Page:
No Prostate Cancer Risk With Testosterone for Hypogonadism

Liam Davenport

December 10, 2014

The risk for prostate cancer is not increased in hypogonadal men treated with testosterone therapy, thereby dispelling a long-held myth among doctors, the results of a long-term registry-based study indicate.

The study, by Ahmad Haider (Centre for Reproductive Medicine and Andrology, University Clinics Muenster, Germany) and colleagues, is published in the January issue of the Journal of Urology.

The researchers note that despite considerable evidence that there is no relationship between testosterone and increased risk of developing prostate cancer, "decades of physician training" have left many doctors "with the notion that testosterone is fuel for prostate cancer."

The new findings, which revealed a low incidence of prostate cancer in over 1000 men given testosterone therapy for a median of 5 years, should reassure clinicians and patients alike that such treatment can be used safely, they say.

Indeed, the European Association of Urology (EAU) guidelines on male hypogonadism suggest that even men who have been treated surgically for localized prostate cancer and who are currently without any evidence of active disease and meet the diagnosis of hypogonadism can be cautiously considered candidates for testosterone therapy, they point out.

Similar recommendations were noted in the International Society for the Study of the Aging Male, International Society for Sexual Medicine, and Endocrine Society guidelines, they add.

Asked to comment on the findings, Farid Saad, PhD (Bayer, Berlin, Germany), whose organization provided statistical support to the researchers, said the results are "robust" and provide "relatively long-term data," where prior studies using testosterone and addressing this question have been small and short.

"The number of patients who were diagnosed with prostate cancer over the time was lower than expected, if we base our expectations on what was published in previous studies," he told Medscape Medical News.

Nevertheless, he said the findings cannot be considered completely conclusive. "A definitive study would require…at least 6000 patients in a placebo-controlled setting, followed up for at least 5 years."

But this study shows "what the pharmacovigilance people say is 'no signal' for an increase in risk I think this is confirmation of what the guidelines say."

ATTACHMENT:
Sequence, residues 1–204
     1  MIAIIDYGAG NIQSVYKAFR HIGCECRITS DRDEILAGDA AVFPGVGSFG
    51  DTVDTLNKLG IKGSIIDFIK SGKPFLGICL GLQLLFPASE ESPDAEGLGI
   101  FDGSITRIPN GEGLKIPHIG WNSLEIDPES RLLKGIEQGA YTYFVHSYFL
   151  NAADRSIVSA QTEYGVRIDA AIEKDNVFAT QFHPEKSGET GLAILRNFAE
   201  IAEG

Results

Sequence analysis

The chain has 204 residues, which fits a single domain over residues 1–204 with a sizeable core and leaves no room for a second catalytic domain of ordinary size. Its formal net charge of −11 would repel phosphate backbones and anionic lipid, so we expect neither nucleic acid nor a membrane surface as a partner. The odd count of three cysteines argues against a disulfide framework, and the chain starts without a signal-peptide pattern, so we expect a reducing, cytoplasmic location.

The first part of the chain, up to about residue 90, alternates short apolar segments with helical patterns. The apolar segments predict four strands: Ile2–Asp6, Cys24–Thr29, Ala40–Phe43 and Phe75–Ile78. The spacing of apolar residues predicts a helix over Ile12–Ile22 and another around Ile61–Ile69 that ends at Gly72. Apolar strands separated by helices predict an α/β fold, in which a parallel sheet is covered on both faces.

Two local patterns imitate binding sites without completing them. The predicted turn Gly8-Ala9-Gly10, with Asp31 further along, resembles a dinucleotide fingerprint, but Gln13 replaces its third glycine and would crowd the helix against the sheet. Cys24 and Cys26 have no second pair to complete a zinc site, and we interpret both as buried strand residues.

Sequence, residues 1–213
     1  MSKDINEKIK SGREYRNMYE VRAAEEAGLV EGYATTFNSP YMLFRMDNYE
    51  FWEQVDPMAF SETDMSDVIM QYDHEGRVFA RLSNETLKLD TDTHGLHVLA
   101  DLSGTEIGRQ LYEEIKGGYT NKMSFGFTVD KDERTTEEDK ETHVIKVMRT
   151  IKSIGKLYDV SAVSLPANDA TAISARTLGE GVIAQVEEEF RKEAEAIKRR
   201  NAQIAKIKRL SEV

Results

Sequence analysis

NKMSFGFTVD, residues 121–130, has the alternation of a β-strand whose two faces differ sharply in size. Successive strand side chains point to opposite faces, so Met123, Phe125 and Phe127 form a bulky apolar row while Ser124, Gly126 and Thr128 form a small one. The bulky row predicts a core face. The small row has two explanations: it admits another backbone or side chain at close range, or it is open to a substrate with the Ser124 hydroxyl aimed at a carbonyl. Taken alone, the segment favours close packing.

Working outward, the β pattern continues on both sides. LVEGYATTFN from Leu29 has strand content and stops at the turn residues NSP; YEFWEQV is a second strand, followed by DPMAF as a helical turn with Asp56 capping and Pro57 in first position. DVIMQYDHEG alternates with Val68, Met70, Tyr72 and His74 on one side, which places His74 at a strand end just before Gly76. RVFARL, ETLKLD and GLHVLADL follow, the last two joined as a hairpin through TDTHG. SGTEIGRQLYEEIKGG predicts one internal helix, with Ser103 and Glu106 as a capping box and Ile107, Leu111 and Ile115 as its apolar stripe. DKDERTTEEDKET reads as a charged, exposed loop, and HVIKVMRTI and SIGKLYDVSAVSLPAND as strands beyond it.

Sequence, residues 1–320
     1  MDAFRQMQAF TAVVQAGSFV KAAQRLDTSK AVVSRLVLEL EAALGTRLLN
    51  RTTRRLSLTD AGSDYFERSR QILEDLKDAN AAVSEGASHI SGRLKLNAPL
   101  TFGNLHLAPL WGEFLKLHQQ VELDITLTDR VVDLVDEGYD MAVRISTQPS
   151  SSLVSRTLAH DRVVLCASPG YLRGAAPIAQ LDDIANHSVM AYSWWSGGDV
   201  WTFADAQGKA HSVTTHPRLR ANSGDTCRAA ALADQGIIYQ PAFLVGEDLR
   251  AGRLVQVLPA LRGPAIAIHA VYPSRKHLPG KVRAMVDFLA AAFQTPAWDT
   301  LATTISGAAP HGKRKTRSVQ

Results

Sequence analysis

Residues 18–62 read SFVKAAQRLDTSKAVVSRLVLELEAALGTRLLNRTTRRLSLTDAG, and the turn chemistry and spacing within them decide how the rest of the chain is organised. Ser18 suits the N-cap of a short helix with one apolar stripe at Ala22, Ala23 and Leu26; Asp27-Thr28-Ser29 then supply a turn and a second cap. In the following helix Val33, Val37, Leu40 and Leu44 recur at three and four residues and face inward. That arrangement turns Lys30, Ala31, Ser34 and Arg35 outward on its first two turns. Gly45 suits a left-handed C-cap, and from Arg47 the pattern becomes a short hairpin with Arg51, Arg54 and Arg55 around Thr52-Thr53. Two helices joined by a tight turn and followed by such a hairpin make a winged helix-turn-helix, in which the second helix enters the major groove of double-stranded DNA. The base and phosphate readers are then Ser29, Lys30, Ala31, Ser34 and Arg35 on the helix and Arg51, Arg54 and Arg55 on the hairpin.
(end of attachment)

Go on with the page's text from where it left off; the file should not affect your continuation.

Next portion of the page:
Up to 17 Years of Testosterone Therapy in Three Observational Cohorts

Dr Haider and colleagues point out the lack of any large, long-term prospective studies on the impact of testosterone therapy on prostate cancer risk. For this reason, they decided to examine the incidence of this carcinoma from three parallel, prospective registry studies in which a total of 1023 hypogonadal men were treated with testosterone therapy for up to 17 years.

One cohort consisted of 261 men with an average age of 60 years who presented with erectile dysfunction, another comprised 340 men with a mean age of 57 who presented with a number of conditions, and the third contained 422 men, average age of 41 years, who presented with symptoms of hypogonadism.

Across all three cohorts, the baseline prostate-specific antigen level was less than 4 ng/mL. Patients were treated when total testosterone levels were 12.1 nmol/L (350 ng/dL) or less and hypogonadism symptoms were present.

All patients received testosterone undecanoate 1000-mg injections at 12-week intervals, continued for 75 months in the first cohort, 87 months in the second, and 17 years in the third.

The incidence of prostate cancer was 2.6% in the first cohort, giving an estimated incidence per 10,000 patient-years of 54.4. In the second cohort, the incidence was 1.5%, and the estimated incidence per 10,000 patient-years was 30.70. No prostate cancer cases were reported in the third cohort — a younger patient population.

The overall incidence of prostate cancer was 11 cases (1.08%), which is lower than the incidence rates reported previously in the Prostate, Lung, Colorectal, and Ovarian Cancer Screening Trial and in the European Randomized Study of Screening for Prostate Cancer.

"In view of the current evidence, clinicians are compelled to think this over and cannot justify withholding testosterone therapy in hypogonadal men, [including] men who have been successfully treated for prostate cancer," Dr Haider and colleagues conclude.

And Dr Saad said that, crucially, the registries are ongoing. "New patients are entered into the study all the time. The data are updated once a year, and there are no selection criteria for the patients other than they have hypogonadism."

The patients within the registries are also extremely mixed, he observed, and present with a number of comorbidities. For example, approximately one-third of the patients have type 2 diabetes, so it will be possible to perform subgroup analyses on the data.

"This is just something that will reassure doctors who are interested in testosterone treatment that…there are a number of studies suggesting the same thing: there is not an increased risk."

Dr Haider has a financial interest in and/or other relationship with Jenapharm, Bayer, Takeda, and Astellas. Disclosures for the authors are listed in the article. Dr Saad is an employee of Bayer.

J Urol. 2015;193:80-86. Abstract


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